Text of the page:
Wednesday, March 13, 2013

Not waving but drowning

Gabrielle normally announces my blog posts on our Facebook page for extra cross-media publicity mojo but declined with my last but one. Having just posted pictures of cherry plum (myrobalan) blossom against a blue sky and pictures of a local lake on a sunny day; she didn’t want to draw potential holidaymakers attention to my cold, soggy tale, “Mud, glorious mud”. 

To redress the balance, I bring you a cockle-warming cliché of spring: newborn lambs out on green grass under a blue sky.But wait, what have we here? 

Heavy grey skies bringing us 47mm of rain in 24 hours, then a dip in temperature and strong winds blowing in flocons of neige. The single large white ewe installed herself and her charges in the only field shelter and stood guard. Our seven pint-sized Ouessant ewes, all heavily pregnant, stood forlornly outside. Our sheep seem to cope with the cold and the snow but don’t like the rain.

We ran them over into another field where, unsurprisingly, they made a beeline for the shelter. I’m undecided whether to leave them there, when the weather cheers up, or regroup them. I’m minded to just bring mum and newborn across as each one gives birth, separating the maternity unit from the kindergarten. 

I keep braving the cold to check to see if any of the other ewes are showing signs and notice that the big ewe is often out in the field with her youngsters. They seem quite happy to run around in the snow and even to sit down while mum grazes. These four-day-old creatures are obviously enjoying the superior R-value  of sheep’s wool insulation. 

Monday, March 11, 2013

Lucky us !

We’ve had a throw of the dice! In a winter noted for its wetness (see my previous damp posting) we discovered that we needed to re-roof our holiday rental cottage. Ideally, we needed to do this during the quiet season, i.e., the winter, which has been notably wet. Roofing is a task that strongly benefits from dry days.

We started a fortnight ago today, stripping the front of the roof in a day, then wrapping it up with tarpaulins, “au cas où” (just in case). Work progressed well with any rain barely a splash and always overnight. I was busy on two fronts, with Andrew back for another volunteering session in our barn renovation. When Jacques the roofer didn’t need me, I joined Andrew in the barn. Jacques has an annoying habit of wanting to work until 7pm and, as part of the deal to keep the costs down was that I helped, my days were very long.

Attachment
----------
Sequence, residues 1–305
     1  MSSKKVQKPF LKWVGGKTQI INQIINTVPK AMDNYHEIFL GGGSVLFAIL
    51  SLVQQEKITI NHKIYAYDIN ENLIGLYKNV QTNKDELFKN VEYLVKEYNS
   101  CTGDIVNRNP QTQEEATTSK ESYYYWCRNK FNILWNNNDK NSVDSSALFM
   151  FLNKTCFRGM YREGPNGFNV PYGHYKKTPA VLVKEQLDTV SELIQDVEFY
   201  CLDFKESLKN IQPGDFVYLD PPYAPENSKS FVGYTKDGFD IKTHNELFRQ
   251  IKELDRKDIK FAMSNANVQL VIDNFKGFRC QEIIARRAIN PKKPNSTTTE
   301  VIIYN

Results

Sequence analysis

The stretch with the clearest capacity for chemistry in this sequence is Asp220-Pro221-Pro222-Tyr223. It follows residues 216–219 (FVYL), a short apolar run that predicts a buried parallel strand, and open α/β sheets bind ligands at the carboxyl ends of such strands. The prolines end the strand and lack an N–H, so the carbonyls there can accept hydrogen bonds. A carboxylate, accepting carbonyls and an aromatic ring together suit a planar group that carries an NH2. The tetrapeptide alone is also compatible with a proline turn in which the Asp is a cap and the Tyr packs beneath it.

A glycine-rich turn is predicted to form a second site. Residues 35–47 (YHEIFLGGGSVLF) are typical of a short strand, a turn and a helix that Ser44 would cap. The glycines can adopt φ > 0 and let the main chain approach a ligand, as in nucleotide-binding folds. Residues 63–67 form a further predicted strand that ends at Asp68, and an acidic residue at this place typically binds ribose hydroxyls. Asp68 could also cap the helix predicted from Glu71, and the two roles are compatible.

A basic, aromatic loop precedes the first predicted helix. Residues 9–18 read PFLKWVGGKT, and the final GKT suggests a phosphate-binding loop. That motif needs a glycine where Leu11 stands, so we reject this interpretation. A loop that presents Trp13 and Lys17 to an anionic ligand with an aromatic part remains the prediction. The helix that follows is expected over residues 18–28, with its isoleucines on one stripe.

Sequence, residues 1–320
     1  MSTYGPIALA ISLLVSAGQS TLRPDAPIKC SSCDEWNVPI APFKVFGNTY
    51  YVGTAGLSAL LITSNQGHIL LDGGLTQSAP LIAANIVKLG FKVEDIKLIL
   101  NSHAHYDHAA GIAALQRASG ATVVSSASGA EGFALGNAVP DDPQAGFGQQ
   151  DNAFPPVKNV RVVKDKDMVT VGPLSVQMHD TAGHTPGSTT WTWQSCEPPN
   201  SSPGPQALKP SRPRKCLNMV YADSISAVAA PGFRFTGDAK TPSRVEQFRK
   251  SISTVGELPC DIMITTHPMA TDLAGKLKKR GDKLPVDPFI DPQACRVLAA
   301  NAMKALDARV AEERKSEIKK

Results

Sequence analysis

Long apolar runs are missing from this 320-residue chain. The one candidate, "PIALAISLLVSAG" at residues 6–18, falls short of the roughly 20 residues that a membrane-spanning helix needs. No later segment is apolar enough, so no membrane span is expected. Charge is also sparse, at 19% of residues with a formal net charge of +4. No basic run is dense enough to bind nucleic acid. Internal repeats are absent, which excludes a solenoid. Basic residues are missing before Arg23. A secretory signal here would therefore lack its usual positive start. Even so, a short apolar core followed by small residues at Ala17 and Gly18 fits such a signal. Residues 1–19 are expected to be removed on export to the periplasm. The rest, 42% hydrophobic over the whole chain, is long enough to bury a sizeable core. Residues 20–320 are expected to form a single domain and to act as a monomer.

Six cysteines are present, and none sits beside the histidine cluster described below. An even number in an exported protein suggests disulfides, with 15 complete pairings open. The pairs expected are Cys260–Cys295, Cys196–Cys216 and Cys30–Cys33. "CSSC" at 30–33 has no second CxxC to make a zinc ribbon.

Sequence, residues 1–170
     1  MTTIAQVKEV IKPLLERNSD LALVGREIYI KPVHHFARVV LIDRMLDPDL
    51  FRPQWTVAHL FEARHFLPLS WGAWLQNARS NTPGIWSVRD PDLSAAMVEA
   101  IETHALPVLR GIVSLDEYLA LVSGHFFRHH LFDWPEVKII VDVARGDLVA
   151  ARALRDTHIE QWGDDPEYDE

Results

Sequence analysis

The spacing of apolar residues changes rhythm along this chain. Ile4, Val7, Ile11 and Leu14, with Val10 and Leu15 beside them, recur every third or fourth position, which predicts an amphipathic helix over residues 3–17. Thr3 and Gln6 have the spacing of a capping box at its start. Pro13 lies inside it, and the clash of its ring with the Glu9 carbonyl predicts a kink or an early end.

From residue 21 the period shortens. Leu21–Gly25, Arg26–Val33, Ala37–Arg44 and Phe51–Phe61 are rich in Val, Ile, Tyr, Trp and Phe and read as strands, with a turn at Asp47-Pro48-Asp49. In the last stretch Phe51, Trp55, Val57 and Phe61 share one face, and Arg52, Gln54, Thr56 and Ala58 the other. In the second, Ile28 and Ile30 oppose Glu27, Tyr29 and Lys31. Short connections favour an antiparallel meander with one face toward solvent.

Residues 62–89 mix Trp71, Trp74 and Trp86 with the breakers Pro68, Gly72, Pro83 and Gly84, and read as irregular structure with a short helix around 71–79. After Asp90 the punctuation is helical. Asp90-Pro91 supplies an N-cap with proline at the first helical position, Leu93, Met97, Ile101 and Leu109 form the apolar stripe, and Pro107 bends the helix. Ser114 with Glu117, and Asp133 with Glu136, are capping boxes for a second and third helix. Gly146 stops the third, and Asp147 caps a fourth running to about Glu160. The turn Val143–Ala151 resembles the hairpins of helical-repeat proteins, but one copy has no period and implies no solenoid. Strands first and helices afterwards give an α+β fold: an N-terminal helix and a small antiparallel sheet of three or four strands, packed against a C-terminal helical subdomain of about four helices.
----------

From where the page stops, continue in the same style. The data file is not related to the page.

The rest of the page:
Working with the willing Andrew on Saturday, the weekend seemed too short before Jacques returned on Monday (as Andrew headed home) and we attacked the simpler rear roof. We had three dry days and were sweeping up and loading Jacques lorry on Wednesday evening when a few spots of rain fell. It could do with a wash, he said, smiling.

Going, going ...
Well, it’s had one today, with 47mm of rain falling before it turned to snow. We can be quick to moan when things don’t always go as wanted, so it’s right to appreciate when one benefits from a stroke of luck. The holidaymakers that arrived yesterday confirmed that the inside of the gite is not only cosy but absolutely dry.

I took these last two photos locally, which show how valuable, fertile topsoil is eroded from ploughed fields with little ground cover. 

Gone !